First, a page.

Becker came up with some of her bigger efforts — at both ends of the ice — in some of the biggest games this season. She scored a goal and assisted on another in FLOP’s 5-1 state-semifinal win over Beekmantown on Feb. 10, and had two goals and an assist in the team’s 4-2 Federation final victory over Williamsville on Feb. 26.
“Brooke always took on the other teams’ best lines and top players, and what’s even greater is that, even though she’s just a freshman, she’s a great leader, too,” Forcucci said. “She’s always positive in the locker room and a great teammate first and foremost. She’s a great athlete who’s very passionate and dedicated to the sport, and she spends a lot of time at the rink working on her game and her skills. She’s already a great player and she’ll be a heck of a player as she gets older.”
When it comes to being a reliable defenseman, few had anything on CASH’s Casey Adimey this season.
The fifth-year junior from Amherst moves up from Second Team All-Bee status last season after contributing nine goals and seven assists to CASH’s haul this winter. Having played with the same defensive partner since seventh grade — when coach Nicola Adimey said “they were hard to beat, even back then” — certainly helped Casey Adimey thrive on the blue line.
“Casey is just a very calm and collected player who’s definitely in control back there,” coach Adimey said. “She always works hard and will never give up on a play. She battles in front of the net and is very competitive no matter who comes up against her; she doesn’t ever want to be beat. She’s got determination and good follow though, and she plays the same way every game, no matter who we’re facing.”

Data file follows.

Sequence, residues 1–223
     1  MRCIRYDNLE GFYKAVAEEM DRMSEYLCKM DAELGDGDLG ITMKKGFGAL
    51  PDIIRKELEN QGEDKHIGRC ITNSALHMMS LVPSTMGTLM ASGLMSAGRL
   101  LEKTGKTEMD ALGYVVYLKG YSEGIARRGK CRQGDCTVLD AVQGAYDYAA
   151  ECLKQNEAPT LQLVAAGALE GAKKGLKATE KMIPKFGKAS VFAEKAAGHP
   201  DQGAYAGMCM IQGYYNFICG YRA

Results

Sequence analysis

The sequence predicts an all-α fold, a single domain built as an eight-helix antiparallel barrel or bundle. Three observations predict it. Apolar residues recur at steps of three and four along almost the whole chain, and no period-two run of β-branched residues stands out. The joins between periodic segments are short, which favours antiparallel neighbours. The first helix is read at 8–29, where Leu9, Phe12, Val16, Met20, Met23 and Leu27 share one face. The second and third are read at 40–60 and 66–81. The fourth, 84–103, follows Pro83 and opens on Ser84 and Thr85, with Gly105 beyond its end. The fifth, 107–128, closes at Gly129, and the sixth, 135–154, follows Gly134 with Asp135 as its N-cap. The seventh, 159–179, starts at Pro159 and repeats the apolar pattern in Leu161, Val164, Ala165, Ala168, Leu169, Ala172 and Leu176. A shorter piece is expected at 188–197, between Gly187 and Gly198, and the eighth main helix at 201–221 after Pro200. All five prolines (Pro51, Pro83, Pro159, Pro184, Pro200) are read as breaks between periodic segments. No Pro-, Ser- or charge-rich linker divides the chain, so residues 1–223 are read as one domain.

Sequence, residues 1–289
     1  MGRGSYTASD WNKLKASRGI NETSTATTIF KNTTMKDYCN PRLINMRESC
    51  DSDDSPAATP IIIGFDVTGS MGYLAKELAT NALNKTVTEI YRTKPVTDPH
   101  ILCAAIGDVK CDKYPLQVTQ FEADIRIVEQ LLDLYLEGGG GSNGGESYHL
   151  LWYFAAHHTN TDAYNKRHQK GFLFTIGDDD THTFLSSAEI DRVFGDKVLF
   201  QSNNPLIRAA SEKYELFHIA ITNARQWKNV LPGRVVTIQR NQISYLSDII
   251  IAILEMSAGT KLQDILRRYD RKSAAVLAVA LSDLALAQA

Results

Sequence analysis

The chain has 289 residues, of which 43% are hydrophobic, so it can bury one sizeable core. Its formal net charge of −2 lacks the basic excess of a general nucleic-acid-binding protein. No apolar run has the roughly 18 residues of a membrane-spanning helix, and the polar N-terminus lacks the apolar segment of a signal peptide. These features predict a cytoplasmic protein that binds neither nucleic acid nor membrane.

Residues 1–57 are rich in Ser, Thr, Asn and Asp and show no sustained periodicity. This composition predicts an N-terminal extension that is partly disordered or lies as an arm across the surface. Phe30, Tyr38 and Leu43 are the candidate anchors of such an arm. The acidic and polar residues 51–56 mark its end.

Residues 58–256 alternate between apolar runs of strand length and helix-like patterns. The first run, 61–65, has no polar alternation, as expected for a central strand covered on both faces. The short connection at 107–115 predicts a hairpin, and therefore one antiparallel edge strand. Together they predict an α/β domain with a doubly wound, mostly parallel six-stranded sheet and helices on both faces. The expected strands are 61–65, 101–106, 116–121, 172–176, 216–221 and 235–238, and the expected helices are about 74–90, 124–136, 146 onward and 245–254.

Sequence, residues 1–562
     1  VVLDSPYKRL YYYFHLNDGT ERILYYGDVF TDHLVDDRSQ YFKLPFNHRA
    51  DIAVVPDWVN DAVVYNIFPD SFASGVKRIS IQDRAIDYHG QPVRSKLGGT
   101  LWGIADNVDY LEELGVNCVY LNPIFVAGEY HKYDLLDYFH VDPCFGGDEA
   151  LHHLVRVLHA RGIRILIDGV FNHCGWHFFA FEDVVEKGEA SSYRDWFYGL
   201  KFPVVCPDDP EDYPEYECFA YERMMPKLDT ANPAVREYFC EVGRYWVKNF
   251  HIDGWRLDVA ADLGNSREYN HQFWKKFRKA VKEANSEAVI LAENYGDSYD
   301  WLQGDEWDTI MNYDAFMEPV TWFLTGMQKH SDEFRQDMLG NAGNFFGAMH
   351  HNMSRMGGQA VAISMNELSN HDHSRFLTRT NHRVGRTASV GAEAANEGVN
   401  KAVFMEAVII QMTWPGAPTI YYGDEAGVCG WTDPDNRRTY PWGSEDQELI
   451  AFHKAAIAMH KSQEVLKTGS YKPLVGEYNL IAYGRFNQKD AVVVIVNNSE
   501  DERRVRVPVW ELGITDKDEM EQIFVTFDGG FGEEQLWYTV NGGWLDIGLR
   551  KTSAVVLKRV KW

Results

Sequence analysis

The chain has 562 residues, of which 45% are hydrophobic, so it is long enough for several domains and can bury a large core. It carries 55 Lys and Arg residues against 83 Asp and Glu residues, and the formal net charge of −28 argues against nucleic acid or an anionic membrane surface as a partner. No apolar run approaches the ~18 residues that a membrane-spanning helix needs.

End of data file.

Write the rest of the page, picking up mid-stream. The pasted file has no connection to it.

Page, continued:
One of Casey Adimey’s biggest highlights of the year was assisting on All-Bee Player of the Year Julia Mings’ 100th career goal in the team’s regular-season finale against Lancaster/Depew/ Iroquois on Feb. 2. It was one of the clearest examples of what Casey Adimey could bring to the offensive zone for CASH.
“Casey makes great outlet passes to the forwards, and when she sees the opportunity, she will take the puck and rush it down,” coach Adimey said.
Monsignor Martin coach Linda Groff-Mroz could always tell if her team was in for a rough game if she walked into the locker room ahead of a game and Brianna Gawronski wasn’t playing her harmonica.
Fortunately for Groff-Mroz and her team, there weren’t many days when the Mount Mercy senior and repeat All-Bee First Team all-star netminder wasn’t filling the locker room with tunes.
“Bri was willing to do whatever she was asked for the sake of the team,” Groff-Mroz said. “She worked on things really hard in practice. She really takes being a goalie seriously and loves the game. Getting to watch her game develop over the four years she was with us was awesome for sure.”
On the year, Gawronski posted an 8-2-2 record that included three-and-a-half shutouts. She stopped 262 of the 277 shots she faced to post a 1.25 goals-against average and a 0.946 save percentage. And Groff-Mroz noted that the shots that Gawronski faced in making those saves weren’t exactly the garden variety.
“Bri can just see the puck wherever it is, and even if she was being screened, she was still able to track it,” Groff-Mroz said. “She just sees the game from a different perspective. The shots she faced were certainly threatening shots to say the least, but we knew we could count on her to get us out of sticky situations.
“She moves well laterally, her glove is incredible, and she became more aggressive and more vocal as a senior.”
Though currently undecided on the location, Gawronski does aspire to continue playing hockey collegiately starting next year.